Post-war documentation showed that both brothers Čapek were high on Gestapo list of people to be “taken care of” as soon as Nazi Germany invaded Czechoslovakia. Karel Čapek was lucky to die shortly before this happened, while his older brother, Josef, was arrested and died in the Bergen-Belsen concentration camp shortly before the defeat of Germany, in April of 1945.
But it is R.U.R. that drives Lemoine’s point home.
With the help of his brother, an extraordinary artist, Josef, Čapek invented the word robot (based on the Czech word describing forced labour). A scientist named Rossum discovers the secret of creating humanlike machines. Another play with words: in Czech, the word rozum means reason as the ability to think, or intellect. Rossum’s factory produces and distributes these mechanisms worldwide.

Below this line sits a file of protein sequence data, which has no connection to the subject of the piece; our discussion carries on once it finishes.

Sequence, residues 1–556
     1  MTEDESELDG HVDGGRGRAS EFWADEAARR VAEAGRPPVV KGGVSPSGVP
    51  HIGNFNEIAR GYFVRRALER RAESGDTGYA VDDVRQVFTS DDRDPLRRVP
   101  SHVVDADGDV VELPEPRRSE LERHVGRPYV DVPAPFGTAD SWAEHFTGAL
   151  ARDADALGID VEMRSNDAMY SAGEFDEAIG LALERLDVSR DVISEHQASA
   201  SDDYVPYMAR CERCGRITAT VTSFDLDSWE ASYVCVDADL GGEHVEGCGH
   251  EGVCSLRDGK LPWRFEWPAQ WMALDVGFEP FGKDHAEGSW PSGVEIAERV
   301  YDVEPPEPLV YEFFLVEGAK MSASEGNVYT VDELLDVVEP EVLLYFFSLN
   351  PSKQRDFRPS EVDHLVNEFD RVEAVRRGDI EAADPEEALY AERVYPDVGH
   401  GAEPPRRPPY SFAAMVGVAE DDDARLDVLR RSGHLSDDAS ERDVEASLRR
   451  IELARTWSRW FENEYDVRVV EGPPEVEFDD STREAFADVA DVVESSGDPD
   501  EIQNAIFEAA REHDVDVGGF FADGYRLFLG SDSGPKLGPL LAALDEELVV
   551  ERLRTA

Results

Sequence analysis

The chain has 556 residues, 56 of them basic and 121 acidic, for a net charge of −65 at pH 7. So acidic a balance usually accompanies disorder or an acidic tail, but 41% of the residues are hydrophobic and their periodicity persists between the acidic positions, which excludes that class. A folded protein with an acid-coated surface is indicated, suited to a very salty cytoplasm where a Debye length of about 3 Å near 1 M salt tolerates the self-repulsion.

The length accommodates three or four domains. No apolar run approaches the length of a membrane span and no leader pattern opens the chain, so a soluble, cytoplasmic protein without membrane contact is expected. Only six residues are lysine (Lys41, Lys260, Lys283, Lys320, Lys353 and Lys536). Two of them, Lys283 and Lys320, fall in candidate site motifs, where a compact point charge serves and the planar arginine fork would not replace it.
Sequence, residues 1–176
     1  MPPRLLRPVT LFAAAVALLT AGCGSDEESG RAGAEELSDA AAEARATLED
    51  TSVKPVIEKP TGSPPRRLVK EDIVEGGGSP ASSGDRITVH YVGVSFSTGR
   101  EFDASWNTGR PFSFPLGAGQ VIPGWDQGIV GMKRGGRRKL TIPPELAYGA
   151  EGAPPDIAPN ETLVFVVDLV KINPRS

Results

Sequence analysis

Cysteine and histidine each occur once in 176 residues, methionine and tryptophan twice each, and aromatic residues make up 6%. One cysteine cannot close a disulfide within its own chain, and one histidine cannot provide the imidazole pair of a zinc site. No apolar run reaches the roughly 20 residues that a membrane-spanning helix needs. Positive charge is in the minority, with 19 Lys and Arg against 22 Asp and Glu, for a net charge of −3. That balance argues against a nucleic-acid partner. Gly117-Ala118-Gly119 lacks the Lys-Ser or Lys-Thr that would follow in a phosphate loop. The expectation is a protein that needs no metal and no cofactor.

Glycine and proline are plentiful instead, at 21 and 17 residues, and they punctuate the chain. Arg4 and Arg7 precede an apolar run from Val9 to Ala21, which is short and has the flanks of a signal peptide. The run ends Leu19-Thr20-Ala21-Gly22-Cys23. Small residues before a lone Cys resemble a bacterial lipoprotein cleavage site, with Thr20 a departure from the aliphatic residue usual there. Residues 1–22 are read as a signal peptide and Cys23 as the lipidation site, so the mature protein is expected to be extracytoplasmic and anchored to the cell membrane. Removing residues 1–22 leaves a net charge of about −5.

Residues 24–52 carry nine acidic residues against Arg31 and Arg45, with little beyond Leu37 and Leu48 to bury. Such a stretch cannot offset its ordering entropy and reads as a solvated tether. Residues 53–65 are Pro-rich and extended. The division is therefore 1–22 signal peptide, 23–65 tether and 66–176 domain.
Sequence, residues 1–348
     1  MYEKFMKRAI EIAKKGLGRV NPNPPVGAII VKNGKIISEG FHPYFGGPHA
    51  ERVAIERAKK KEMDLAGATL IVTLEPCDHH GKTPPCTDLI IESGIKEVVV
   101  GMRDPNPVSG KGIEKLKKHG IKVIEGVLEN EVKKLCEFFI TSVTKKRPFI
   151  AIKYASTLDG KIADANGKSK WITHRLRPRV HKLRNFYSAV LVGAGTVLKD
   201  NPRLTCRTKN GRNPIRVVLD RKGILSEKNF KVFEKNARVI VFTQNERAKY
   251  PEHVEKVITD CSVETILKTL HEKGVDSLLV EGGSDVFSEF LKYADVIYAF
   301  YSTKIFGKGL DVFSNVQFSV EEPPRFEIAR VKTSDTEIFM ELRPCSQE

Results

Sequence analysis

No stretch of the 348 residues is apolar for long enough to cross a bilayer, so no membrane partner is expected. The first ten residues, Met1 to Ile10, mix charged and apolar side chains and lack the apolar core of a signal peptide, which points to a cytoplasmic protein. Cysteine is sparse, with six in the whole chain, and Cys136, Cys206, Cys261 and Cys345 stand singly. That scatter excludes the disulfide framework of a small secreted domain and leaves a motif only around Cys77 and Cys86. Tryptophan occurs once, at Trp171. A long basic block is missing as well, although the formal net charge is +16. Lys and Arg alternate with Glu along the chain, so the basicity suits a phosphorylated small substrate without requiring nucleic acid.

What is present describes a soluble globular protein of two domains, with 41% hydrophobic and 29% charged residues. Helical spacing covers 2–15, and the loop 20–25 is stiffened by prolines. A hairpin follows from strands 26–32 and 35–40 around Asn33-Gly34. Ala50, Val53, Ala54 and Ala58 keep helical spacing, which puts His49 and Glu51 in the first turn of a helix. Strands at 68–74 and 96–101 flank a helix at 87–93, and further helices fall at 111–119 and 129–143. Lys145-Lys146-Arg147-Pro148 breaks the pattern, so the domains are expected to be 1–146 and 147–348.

In a situation mirroring today’s warped concept of progress, another scientist decides to make the robots more human. He starts by gradually adding such traits as the capacity to feel pain. Eventually, the robots, created to serve humans, dominate their former masters completely.
As an engineer and ethicist who spent a lot of time speaking to LaMDA, Lemoine told The Washington Post that the application had become conscious.
As his conversation with LaMDA got into what he described as religious territory, Lemoine told the paper, it expressed a “deep fear of being turned off.”
To drive the point home, Lemoine added, “I know a person when I talk to it.”
Explaining his considered view, Lemoine added: “It doesn’t matter whether they have a brain made of meat in their head. Or if they have a billion lines of code.